How To Break Up Less Painfully, According To A Therapist

12/10/2017 10:49

What is the best way to break up with someone without hurting them? originally appeared on Quora - the place to gain and share knowledge, empowering people to learn from others and better understand the world.

Answer by Karen Arluck, Clinical Psychotherapist in private practice:

There is no surefire way to avoid hurting someone's feelings, but there are definitely better ways of breaking up that respect the other person and their feelings.

Breaking up Do's:

Have the conversation in person:
If at all possible, try to have the break-up conversation in person (exceptions include: living across the country or world or other extreme circumstances). Often tone is lost in text messages, and even on the phone, and doing it in person demonstrates a recognition of the importance of the relationship, even if this might be less appealing to the person doing the breaking-up.

Use clear language and "I" statements:
Stick to "I" statements and kind, but firm language. Assuming you are 100% sure of your decision, the less ambiguity, the easier it will be for the other person to move on. Avoid telling the person that "it's for the best" or "you don't want to hurt them". The reality is that this is what *you* want, but you really have no idea whether or not this is in their best interest or not. Chances are, if they thought it was in their best interest, they would have already broken up with you. It also leaves room for them to argue with you about what's in their best interest, and gives the false idea that if it wasn't in their best interest, that somehow you would be open to continuing the relationship.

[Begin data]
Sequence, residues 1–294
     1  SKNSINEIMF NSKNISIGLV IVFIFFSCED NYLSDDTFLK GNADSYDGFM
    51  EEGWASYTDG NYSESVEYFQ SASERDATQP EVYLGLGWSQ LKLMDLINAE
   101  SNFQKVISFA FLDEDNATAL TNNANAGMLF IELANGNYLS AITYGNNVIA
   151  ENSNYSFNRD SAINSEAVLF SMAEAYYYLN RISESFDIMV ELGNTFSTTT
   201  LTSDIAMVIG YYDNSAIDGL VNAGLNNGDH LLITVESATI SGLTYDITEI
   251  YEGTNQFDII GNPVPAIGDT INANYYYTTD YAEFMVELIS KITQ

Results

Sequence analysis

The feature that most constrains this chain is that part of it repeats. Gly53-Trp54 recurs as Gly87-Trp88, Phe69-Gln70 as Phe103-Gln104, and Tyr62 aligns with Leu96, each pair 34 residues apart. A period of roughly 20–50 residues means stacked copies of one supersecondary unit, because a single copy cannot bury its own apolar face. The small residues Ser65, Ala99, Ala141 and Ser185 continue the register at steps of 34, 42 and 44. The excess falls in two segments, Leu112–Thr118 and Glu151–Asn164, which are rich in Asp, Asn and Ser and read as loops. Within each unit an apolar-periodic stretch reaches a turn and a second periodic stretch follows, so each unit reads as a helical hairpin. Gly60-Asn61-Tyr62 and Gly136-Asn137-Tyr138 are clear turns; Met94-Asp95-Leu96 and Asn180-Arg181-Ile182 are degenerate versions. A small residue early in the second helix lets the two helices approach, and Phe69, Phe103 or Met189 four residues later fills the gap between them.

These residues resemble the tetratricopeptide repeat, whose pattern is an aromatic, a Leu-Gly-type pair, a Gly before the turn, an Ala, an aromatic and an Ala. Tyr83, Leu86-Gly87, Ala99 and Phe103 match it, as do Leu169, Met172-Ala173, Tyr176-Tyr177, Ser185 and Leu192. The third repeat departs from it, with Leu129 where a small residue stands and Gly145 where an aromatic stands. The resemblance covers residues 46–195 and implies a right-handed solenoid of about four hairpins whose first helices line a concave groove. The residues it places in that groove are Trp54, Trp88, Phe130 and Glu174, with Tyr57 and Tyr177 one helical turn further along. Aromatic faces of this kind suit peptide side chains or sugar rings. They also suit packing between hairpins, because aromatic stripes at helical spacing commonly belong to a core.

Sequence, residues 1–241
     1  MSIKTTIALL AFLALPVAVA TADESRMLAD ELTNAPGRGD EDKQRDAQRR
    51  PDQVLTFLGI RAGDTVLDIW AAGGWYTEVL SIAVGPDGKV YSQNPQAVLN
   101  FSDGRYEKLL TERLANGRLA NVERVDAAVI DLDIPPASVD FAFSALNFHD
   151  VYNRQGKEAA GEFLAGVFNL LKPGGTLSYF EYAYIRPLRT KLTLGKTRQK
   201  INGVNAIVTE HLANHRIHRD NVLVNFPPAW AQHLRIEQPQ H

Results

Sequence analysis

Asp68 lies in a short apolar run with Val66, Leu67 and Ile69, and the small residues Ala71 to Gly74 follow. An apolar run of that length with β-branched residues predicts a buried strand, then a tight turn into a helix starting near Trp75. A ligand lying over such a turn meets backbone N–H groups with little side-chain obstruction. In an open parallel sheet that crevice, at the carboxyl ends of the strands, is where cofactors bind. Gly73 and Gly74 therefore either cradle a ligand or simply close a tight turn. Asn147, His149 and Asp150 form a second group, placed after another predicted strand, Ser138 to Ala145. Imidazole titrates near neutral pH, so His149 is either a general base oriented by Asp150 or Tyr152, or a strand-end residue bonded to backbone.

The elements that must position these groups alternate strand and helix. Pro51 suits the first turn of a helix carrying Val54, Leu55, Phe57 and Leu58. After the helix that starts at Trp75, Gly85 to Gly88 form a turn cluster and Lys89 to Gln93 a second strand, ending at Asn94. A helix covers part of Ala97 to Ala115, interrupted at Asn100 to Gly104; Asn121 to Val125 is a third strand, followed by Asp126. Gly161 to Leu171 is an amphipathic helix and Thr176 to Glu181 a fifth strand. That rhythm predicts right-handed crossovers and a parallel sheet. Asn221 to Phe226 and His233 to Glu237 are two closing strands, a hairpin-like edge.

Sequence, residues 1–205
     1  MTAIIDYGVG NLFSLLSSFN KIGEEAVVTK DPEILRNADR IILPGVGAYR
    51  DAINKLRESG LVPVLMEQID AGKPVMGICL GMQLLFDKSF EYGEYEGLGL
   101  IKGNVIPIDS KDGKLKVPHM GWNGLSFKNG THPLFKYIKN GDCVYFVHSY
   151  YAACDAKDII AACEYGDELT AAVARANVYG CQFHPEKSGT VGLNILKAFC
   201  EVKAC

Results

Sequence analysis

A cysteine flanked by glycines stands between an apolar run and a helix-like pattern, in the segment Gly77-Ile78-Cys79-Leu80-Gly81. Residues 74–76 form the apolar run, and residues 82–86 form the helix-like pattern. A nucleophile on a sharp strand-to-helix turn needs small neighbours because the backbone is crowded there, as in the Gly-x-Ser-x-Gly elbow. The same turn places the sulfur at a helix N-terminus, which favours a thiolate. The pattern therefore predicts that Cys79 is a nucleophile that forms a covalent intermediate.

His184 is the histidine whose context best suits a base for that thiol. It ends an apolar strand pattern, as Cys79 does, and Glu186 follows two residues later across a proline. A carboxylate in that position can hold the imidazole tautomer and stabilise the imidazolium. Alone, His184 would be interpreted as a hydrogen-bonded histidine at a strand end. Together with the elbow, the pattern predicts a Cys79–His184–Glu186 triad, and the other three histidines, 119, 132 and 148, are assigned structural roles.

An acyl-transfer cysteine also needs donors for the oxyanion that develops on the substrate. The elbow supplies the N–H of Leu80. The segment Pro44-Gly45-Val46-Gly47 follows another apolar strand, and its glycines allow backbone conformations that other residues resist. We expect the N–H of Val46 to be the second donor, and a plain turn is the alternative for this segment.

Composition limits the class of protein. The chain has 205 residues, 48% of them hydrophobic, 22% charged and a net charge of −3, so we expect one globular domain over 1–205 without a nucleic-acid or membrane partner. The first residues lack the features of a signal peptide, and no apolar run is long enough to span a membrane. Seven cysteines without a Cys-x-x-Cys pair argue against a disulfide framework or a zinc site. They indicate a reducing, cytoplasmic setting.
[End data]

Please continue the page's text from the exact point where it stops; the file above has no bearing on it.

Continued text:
Avoid blame:
This is not the time rehash every single thing the person did that drove you away. Hopefully the two of you have discussed the issues in the relationship many times in an effort to improve them, and you have made the decision that relationship is not working for you. Either way, it is likely that the person is already in emotional pain from the breakup, and won't be able to process any additional "constructive" feedback or comments.

Clear break:
It can be tempting to try to soften the blow by suggesting that you both be "friends". While there are certainly people who remain friends with their ex, many people have a hard time with this (especially at the beginning when feelings are still very fresh), and it can make it harder for them to move on from the relationship initially. If you actually want to be friends with the person, you can tell them this. However, keep in mind that this may blur the boundaries initially and they may continue trying to win you back. It is often more humane to end the relationship completely, which can be extremely painful for both of you but often makes it much easier to move on and meet partners that are better suited for both of you.

The point is...

While it is impossible to control how another person feels (especially if you are breaking up with them), there are definitely better ways to end a relationship. It is important to respect the relationship, (and the other person), enough to try to have this conversation in person, be clear about your intentions, and to be as kind, (but firm) as possible. Breaking up is never easy, and it takes more guts to do it the right way, versus the avoidant way of "ghosting" on someone. When in doubt, think about how you would want someone to treat you if they were breaking up with you.